Continue reading Hacking Recovery: How to Improve 12 Step Groups (part 2)

The all-important moment in recovery – when we decide

We all like having options. When we commit ourselves, we limit our choices. When we commit to recovery, we don’t simply embrace an idea, we take certain steps. For example, we find a group or recovery program and begin to attend meetings, we start seeing a counselor, we disclose our actions to people who’ve been affected, and we get rid of the things that might tempt us to act out again. We throw out pornographic materials, set up filters or accountability software on computers, delete secret email accounts, sever ties with affair partners, etc., etc. We put plans in place and commit ourselves to a course of action that we will continue to pursue even after our initial resolve fades.

Of course, none of this is easy. To be more precise, following through on any of these things is not easy. Desire is easy, following through is hard.

In the immediate aftermath of some bad experience, where we are confronted with the magnitude of our problem, it’s easy to feel a strong desire to change. We might feel deep remorse for what we’ve done, and resolve to live differently. If we’re in a relationship that has been hurt by our behavior, we likely feel a strong commitment to repair the damage that was the result of our sexual acting out.

Pastors, therapists, and addiction counselors are accustomed to hearing people earnestly express their desire to change. 12-Steppers call this “Step Zero” … it’s what happens to people before they even get to Step 1 in the 12 Steps. It’s the overwhelming sense that “things aren’t working,” often accompanied by strong feelings of remorse, guilt, and shame. But everyone needs a reality check at this point: Resolve and remorse are only Step Zero.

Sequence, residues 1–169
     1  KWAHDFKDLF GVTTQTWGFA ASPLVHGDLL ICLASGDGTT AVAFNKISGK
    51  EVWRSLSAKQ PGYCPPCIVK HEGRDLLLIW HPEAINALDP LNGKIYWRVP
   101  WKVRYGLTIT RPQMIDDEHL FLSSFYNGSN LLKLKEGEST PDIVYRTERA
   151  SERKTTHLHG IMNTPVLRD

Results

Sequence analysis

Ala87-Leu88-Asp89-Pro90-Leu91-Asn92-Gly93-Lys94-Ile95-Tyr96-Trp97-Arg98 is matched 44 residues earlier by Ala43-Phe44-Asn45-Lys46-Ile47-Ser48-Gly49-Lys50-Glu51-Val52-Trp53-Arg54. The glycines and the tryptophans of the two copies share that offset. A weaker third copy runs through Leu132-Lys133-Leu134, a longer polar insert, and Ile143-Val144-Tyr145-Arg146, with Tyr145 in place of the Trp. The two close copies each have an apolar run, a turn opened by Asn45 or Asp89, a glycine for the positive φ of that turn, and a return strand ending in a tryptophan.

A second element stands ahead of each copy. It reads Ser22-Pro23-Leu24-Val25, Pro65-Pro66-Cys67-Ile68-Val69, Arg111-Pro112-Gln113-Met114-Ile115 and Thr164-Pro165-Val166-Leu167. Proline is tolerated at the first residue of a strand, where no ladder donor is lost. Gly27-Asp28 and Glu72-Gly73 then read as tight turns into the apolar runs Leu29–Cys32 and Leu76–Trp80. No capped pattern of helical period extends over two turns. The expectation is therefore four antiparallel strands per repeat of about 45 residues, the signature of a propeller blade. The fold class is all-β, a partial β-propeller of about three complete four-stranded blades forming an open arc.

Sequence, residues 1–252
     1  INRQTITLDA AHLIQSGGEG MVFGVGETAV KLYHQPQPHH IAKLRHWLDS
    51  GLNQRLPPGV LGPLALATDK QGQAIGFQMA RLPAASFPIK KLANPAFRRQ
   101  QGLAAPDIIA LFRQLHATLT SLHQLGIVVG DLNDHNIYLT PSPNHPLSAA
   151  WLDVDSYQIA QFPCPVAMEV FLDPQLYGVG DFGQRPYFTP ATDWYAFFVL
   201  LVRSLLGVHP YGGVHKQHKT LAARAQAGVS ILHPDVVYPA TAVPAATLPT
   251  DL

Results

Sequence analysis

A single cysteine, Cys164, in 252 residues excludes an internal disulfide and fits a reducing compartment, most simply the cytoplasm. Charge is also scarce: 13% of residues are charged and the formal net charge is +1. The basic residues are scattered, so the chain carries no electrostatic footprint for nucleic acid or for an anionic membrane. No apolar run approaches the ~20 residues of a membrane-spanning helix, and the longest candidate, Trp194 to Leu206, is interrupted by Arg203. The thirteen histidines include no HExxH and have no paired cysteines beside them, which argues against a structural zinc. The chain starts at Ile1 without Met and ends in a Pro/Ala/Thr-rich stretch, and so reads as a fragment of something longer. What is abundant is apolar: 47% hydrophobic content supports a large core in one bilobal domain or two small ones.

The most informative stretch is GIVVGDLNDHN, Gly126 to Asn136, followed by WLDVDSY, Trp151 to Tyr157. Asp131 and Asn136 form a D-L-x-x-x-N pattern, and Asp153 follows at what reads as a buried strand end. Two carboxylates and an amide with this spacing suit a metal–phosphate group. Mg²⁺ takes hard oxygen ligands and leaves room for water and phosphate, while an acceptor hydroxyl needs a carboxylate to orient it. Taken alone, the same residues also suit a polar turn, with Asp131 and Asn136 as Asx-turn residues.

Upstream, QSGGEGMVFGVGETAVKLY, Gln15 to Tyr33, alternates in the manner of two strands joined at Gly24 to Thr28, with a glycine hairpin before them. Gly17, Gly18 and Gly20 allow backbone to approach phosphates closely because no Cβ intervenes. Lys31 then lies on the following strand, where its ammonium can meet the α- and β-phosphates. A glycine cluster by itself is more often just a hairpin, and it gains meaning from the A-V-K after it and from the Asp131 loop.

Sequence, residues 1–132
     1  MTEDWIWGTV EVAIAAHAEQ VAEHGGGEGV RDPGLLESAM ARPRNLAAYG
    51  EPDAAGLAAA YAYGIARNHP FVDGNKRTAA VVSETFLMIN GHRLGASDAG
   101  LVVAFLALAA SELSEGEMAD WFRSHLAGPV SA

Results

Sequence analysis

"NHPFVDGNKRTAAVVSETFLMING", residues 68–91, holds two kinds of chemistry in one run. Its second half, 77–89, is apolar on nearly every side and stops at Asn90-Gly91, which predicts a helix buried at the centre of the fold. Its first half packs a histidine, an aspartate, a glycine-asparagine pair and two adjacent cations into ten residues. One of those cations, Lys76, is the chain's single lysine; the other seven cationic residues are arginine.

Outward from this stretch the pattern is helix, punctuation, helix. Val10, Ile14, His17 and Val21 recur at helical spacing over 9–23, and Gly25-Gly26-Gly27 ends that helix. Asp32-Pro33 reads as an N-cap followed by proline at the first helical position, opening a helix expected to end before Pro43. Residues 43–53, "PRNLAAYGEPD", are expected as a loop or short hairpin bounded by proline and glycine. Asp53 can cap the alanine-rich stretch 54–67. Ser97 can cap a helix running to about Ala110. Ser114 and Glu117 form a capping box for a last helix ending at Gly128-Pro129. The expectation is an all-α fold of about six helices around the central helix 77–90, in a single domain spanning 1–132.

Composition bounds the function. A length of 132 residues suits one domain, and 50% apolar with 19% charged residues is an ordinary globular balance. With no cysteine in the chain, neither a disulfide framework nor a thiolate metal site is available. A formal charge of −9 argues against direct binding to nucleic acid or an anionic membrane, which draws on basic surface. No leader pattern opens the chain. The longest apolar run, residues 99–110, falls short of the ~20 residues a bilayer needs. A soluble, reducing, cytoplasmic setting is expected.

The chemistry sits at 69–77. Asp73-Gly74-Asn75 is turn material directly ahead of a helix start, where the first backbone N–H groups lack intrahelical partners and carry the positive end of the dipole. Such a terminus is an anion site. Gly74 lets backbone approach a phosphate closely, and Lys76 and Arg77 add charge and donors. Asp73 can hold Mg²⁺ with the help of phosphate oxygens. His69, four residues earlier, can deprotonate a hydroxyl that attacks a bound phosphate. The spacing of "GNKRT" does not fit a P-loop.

Continue reading The all-important moment in recovery – when we decide

Noticing what you notice helps in recovery from sex or pornography addiction

“What you see depends on what window you look out of.” I heard Lyle Schaller say this at a conference I attended years ago. Schaller is a consultant, not a recovery guru, and he was talking about how people deal with controversial topics. But the word picture he created stuck with me ever since, and has helped me understand the process of recovery.

People tend to see Continue reading Noticing what you notice helps in recovery from sex or pornography addiction

Podcast Interview about Sexual Struggles and the Church

Not long ago I was interviewed by Jeff Fisher from the PorntoPurity website. Jeff is a former pastor, recovering addict, and has created a great website with tons of audio resources. Jeff and his wife Marsha have a great story of hope to share not only for pastors, but for all couples dealing with pornography and other sexual struggles.

Jeff recently interviewed me about my experiences and observations about how sexual struggles get handled in churches, especially when church leaders are involved. The interview is featured in three separate podcasts. You can listen or download them below: Continue reading Podcast Interview about Sexual Struggles and the Church